Rat-bite fever is an uncommon acute infectious disease caused by the treponeme Spirillum minus (Asia), or the bacteria Streptobacillus moniliformis (North America). It is transmitted to humans by the bite of a rat. Inhabitants of rat-infested dwellings, owners of pet rats, and laboratory workers are at greatest risk.
In Spirillum infections, the original rat bite, unless secondarily infected, heals promptly, but 1 to several weeks later the site becomes swollen, indurated, and painful; assumes a dusky purplish hue; and may ulcerate. Regional lymphangitis and lymphadenitis, fever, chills, malaise, myalgia, arthralgia, and headache are present. Splenomegaly may occur. A sparse, dusky-red maculopapular rash appears on the trunk and extremities in many cases, and there may be frank arthritis.
After a few days, both the local and systemic symptoms subside, only to reappear several days later. This relapsing pattern of fever for 3–4 days alternating with afebrile periods lasting 3–9 days may persist for weeks. The other features, however, usually recur only during the first few relapses. Endocarditis is a rare complication of infection.
Leukocytosis is often present, and the nontreponemal test for syphilis is often falsely positive. The organism may be identified in darkfield examination of the ulcer exudate or aspirated lymph node material; more commonly, it is observed after inoculation of a laboratory animal with the patient’s exudate or blood. It has not been cultured in artificial media.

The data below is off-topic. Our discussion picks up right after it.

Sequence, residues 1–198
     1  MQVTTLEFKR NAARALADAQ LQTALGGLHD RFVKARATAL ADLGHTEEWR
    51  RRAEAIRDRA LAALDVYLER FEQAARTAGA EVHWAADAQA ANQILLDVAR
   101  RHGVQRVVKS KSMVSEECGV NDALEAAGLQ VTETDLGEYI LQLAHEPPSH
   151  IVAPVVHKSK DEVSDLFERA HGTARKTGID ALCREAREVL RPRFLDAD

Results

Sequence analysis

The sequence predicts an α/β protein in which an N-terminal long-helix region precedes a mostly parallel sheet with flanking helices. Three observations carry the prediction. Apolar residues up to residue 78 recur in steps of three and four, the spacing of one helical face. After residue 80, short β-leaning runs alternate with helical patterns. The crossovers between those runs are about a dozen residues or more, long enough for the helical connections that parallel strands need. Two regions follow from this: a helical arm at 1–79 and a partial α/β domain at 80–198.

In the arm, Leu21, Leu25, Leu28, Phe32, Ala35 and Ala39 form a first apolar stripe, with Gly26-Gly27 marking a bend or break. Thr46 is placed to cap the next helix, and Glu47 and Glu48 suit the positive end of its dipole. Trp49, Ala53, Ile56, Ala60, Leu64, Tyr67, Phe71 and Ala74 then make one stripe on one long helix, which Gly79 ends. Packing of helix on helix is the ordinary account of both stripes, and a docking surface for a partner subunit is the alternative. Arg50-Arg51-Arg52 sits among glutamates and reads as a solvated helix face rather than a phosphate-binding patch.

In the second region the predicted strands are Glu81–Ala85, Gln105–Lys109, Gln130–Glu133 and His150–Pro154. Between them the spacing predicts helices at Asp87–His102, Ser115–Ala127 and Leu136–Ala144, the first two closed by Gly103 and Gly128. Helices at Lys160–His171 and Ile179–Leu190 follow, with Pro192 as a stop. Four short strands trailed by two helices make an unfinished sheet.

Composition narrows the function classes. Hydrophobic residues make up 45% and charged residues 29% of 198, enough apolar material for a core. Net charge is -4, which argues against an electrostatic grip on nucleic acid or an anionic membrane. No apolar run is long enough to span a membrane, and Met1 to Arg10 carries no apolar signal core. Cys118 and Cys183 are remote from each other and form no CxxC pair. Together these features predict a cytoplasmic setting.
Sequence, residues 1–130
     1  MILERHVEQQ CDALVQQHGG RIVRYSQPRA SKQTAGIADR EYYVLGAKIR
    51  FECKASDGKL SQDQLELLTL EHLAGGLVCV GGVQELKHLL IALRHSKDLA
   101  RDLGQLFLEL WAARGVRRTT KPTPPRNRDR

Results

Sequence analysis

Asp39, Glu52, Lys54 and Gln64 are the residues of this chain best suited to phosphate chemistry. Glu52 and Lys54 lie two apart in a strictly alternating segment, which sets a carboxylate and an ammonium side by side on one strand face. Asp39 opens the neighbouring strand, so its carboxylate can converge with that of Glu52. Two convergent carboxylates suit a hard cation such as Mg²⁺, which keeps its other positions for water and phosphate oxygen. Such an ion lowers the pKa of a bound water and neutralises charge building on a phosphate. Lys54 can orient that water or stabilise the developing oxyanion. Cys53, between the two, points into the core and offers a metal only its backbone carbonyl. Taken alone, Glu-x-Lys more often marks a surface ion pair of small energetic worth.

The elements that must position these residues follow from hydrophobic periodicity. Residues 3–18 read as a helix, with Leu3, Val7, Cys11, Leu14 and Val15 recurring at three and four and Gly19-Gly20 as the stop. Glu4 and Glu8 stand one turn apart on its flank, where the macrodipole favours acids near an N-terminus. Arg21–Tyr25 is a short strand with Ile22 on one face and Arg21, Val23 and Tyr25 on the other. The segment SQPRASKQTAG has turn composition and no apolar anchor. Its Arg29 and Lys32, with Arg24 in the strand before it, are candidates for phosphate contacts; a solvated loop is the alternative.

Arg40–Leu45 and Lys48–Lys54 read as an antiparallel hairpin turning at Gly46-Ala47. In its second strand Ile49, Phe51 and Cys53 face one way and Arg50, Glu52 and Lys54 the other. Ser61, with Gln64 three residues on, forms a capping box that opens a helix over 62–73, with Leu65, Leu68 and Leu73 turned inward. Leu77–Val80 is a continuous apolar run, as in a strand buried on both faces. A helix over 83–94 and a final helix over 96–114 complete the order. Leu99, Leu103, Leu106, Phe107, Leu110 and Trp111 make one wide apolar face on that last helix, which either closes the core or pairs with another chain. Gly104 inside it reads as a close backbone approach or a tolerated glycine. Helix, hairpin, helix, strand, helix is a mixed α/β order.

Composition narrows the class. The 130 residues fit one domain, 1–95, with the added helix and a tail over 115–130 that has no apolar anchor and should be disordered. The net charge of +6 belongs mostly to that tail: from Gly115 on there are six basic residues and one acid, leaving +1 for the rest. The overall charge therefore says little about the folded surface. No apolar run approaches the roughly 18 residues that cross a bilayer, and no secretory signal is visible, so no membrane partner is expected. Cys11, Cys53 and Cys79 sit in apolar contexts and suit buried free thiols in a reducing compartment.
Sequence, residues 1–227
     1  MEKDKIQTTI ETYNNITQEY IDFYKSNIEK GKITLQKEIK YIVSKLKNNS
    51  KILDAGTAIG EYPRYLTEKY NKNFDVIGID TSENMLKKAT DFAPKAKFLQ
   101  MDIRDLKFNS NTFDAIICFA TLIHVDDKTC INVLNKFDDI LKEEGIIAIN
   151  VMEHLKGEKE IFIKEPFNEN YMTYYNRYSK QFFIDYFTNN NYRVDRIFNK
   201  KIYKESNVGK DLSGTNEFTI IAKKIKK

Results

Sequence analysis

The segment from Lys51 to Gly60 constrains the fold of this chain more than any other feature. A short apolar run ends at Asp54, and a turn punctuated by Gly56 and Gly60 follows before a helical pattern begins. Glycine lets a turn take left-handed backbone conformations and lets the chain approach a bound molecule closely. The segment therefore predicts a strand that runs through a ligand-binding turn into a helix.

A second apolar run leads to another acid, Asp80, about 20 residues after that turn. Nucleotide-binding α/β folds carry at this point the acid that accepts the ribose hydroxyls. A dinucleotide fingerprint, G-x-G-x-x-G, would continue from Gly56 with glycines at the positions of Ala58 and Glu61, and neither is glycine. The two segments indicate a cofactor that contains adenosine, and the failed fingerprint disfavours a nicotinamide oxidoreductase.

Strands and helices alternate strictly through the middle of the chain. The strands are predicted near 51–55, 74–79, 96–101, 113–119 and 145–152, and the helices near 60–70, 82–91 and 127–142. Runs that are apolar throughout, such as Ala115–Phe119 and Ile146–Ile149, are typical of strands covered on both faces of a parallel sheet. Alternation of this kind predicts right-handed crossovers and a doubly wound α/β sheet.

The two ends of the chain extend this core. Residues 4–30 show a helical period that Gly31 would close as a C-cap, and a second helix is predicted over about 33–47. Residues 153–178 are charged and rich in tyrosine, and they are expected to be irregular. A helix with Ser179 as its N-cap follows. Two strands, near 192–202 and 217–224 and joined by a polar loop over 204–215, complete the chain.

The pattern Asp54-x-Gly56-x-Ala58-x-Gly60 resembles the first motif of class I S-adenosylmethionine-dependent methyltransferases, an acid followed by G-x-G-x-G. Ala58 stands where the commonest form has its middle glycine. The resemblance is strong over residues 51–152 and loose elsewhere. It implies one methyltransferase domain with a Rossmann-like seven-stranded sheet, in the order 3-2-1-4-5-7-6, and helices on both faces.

Rat-bite fever must be distinguished from the rat-bite–induced lymphadenitis and rash of streptobacillary fever. Clinically, the severe arthritis and myalgias seen in streptobacillary disease are rarely seen in disease caused by S minus. Reliable differentiation requires an increasing titer of agglutinins against S moniliformis or isolation of the causative organism. Other diseases in the differential include tularemia, rickettsial disease, Pasteurella multocida infections, and relapsing fever.
In acute illness, intravenous penicillin, 1–2 million units every 4–6 hours is given initially; ceftriaxone 1 g intravenously daily is another option. Once improvement has occurred, therapy may be switched to oral penicillin V 500 mg four times daily, or amoxicillin 500 mg three times daily, to complete 10–14 days of therapy. For the penicillin-allergic patient, tetracycline 500 mg orally four times daily or doxycycline 100 mg twice a day can be used.
The reported mortality rate of about 10% should be markedly reduced by prompt diagnosis and antimicrobial treatment.
et al. Fever, petechiae, and joint pain. J Fam Pract. 2017 May;66(5):323–5.